The Defense Department is working with the State Department to determine how best to implement a “partial lifting” of the longstanding lethal arms embargo on Vietnam, Undersecretary of Defense for Policy Christine Wormuth told the House Armed Services Committee on Wednesday. In response to questioning by Rep. Loretta Sanchez (D-Calif.) on the balance between renewing arms sales and Vietnam’s lackluster human rights record, Wormuth said the Pentagon remains “committed to pushing for more progress on the human rights front” as it works toward “deepening the relationship” with the Southeast Asian nation. Pressed on what types of armaments and equipment the Pentagon could sell, Wormuth said they would likely be items to improve Vietnam’s ability to conduct maritime domain awareness operations; build better intelligence, surveillance, and reconnaissance tools; and participate in humanitarian-assistance operations. The United States has steadily sought to expand military-to-military ties with Vietnam, and US Pacific Command boss Adm. Samuel Locklear first indicated last September the arms embargo might soon end. (Wormuth’s prepared statement)?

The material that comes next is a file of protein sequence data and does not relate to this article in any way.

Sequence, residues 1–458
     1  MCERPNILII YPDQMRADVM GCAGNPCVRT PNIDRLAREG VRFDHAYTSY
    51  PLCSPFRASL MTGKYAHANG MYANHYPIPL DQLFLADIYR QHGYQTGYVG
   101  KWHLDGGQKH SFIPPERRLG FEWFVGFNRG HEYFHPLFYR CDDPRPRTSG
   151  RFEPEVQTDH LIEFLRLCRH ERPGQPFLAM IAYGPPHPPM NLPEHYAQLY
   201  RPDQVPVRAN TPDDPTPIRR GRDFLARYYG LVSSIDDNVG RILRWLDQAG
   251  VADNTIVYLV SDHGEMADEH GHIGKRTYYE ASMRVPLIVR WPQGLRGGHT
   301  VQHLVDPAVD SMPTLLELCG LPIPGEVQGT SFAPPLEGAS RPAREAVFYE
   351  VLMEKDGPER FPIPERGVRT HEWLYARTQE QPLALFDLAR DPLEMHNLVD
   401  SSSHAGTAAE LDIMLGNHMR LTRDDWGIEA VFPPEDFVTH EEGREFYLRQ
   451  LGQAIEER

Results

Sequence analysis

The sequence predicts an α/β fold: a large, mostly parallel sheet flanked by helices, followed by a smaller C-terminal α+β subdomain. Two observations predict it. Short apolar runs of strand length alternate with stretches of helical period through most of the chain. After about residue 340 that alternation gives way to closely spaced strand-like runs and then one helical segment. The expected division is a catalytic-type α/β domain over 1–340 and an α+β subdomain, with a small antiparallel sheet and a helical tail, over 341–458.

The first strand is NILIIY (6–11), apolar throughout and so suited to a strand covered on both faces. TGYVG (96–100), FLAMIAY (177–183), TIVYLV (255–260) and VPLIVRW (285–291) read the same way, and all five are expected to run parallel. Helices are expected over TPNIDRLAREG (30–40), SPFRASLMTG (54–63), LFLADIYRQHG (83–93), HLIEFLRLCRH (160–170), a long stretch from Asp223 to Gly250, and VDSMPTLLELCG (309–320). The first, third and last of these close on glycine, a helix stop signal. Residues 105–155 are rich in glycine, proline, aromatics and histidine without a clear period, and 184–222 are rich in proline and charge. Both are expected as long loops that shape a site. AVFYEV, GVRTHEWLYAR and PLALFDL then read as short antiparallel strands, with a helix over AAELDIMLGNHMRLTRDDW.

Adm. Christopher Grady, vice chairman of the Joint Chiefs and head of the Joint Requirements Oversight Council, is pushing a “portfolio” approach to requirements and wants his position to have “more teeth” so he can enforce it.